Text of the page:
Eileen has nearly 15 years of experience in building innovative programs for public, private and non-profit organizations. She has worked across the Life Sciences and Technology industry, helping clients worldwide identify, plan, launch and sustain a wide range of life sciences products and services, from blockbuster drugs to specialty pharmaceuticals to niche medical devices.
Indu Subaiya, MD, MBA is Co-Chairman and CEO of Health 2.0: User Generated Healthcare, a first-of-its-kind forum showcasing leading edge digital media, web and mobile technologies in healthcare. She also is creator of the Health 2.0 Developer Challenge. Most recently she was Entrepreneur-in-Residence at Physic Ventures, a consumer health and wellness investment fund. Prior to that she served as President of Etude Scientific, a consulting firm providing strategy, market assessment, and due diligence services to biotechnology and consumer healthcare companies. Indu also was Vice President of Healthcare and Biomedical Research at Gerson Lehrman Group where she facilitated due diligence research in the life sciences sector for investment fund managers. Earlier in her career she served as Director of Outcomes Research at Quorum Consulting, Inc. where she conducted Phase III-IV quality of life and pharmacoeconomic studies and advised life science clients on commercialization and reimbursement strategies. Indu received her MD from Stony Brook University School of Medicine at the State University of New York, an MBA from the Haas School of Business at the University of California, Berkeley, and a BS in Science and Technology Studies from Cornell University.
Jeffrey R. Davis, MD, MS currently serves as Director, Space Life Sciences, as the Chief Medical Officer for the NASA Johnson Space Center, and as the Director of the NASA Human Health and Performance Center (NHHPC). The Space Life Sciences Directorate (SLSD) provides the research and technology development required for exploration, as well as all human health and performance support to space flight operations of the International Space Station. The SLSD is also responsible for human health and performance requirements for new programs such as commercial space flight, Advanced Exploration Technologies, and applicable roadmaps of the Office of the Chief Technologist. The NHHPC is as an 110 member organization dedicated to collaboration, innovation and education across its membership for human health and performance projects. The core capabilities in the SLSD include space medicine; biomedical research and countermeasures for the physiological changes induced by human exposure to reduced gravity; environmental monitoring for closed environments (air/water) and the external radiation environment; habitability and human factors; strategic planning, benchmarking, and communication; and open innovation/collaboration. The SLSD also provides occupational health and EAP services to the Johnson Space Center employees.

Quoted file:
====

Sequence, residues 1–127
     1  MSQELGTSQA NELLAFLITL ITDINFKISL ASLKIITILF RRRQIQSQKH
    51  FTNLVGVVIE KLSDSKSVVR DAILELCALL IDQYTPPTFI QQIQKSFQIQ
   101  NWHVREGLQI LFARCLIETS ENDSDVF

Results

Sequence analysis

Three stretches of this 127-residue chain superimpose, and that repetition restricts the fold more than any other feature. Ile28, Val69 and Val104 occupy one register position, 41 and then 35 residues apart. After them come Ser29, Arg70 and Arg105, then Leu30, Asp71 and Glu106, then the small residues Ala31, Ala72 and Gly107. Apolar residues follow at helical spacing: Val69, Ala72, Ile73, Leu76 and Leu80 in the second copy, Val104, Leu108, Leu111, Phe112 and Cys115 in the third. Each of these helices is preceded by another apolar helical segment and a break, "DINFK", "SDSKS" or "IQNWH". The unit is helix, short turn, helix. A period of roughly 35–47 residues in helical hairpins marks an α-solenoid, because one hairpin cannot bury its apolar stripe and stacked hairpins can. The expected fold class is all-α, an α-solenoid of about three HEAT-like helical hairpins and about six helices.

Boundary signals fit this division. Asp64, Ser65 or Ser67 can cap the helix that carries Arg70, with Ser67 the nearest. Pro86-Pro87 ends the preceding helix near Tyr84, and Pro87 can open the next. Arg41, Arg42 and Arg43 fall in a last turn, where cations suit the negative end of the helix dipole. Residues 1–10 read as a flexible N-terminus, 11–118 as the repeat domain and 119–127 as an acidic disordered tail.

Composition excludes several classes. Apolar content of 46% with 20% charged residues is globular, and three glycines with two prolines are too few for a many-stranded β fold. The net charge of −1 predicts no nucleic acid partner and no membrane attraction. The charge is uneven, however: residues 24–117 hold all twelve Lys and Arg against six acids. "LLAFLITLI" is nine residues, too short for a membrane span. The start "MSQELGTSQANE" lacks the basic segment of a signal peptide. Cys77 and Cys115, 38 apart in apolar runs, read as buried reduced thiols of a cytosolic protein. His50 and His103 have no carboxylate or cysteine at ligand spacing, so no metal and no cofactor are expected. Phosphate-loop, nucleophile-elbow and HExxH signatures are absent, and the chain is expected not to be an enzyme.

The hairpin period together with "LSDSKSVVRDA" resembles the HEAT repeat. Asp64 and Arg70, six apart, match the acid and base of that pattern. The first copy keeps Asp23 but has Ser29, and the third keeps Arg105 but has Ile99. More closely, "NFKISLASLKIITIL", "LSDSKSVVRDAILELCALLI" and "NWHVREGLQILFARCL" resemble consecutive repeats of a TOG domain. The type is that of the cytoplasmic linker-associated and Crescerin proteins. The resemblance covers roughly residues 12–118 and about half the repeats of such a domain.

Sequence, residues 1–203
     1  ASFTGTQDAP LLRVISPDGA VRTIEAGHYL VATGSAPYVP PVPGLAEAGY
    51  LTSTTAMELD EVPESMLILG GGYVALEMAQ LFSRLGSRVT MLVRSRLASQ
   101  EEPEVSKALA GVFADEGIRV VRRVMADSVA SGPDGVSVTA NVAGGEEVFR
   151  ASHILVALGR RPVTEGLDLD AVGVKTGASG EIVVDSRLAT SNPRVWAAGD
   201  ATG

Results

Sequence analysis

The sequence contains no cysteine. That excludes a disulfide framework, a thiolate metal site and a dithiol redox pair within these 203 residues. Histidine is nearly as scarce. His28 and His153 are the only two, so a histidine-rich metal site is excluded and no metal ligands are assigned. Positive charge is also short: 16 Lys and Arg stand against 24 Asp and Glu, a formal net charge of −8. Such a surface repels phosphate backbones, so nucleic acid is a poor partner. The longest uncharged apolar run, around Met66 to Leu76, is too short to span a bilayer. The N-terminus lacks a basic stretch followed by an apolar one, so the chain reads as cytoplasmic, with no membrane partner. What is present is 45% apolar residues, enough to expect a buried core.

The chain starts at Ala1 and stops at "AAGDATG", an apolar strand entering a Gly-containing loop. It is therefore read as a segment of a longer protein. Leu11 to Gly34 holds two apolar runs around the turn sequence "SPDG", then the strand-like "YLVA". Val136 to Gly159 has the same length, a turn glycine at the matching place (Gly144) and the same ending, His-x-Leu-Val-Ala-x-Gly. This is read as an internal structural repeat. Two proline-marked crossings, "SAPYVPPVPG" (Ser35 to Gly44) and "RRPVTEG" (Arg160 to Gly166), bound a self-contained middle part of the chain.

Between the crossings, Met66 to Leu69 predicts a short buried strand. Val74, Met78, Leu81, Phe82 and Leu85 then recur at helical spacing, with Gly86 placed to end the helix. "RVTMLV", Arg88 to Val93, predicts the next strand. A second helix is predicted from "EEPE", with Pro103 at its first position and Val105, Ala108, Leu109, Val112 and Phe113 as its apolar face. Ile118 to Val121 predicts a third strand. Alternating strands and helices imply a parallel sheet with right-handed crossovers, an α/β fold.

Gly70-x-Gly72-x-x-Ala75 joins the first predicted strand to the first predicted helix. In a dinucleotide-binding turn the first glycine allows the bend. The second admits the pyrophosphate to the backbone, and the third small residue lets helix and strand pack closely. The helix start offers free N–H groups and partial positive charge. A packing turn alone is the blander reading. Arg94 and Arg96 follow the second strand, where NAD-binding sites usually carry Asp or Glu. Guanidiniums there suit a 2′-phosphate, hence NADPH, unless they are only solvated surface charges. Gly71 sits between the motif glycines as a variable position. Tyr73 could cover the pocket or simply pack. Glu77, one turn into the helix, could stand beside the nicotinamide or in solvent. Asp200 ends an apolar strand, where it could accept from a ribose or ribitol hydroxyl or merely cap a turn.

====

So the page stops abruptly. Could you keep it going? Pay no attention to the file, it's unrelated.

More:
Dr. Davis received his B.S. degree in Biology from Stanford University and M.D. degree from the University of California at San Diego. He also holds a Master of Science (MPH equivalent) degree from Wright State University. His residency training included internal medicine and aerospace medicine, and he is certified by the American Board of Preventive Medicine. Dr. Davis holds licenses to practice medicine in California and Texas. Dr. Davis’ past positions include Professor, Preventive Medicine and Community Health at the University of Texas Medical Branch; Corporate Medical Director, American Airlines; and Chief, Medical Operations NASA Johnson Space Center. His national board participation has included service as the chair of the American Board of Preventive Medicine; chair of the Residency Review Committee for Preventive Medicine; president of the Aerospace Medical Association; and a member of the executive committee of the American Board of Medical Specialties. Dr. Davis is the senior editor of the text “Fundamentals of Aerospace Medicine” 4th edition. Additional publications are available on request.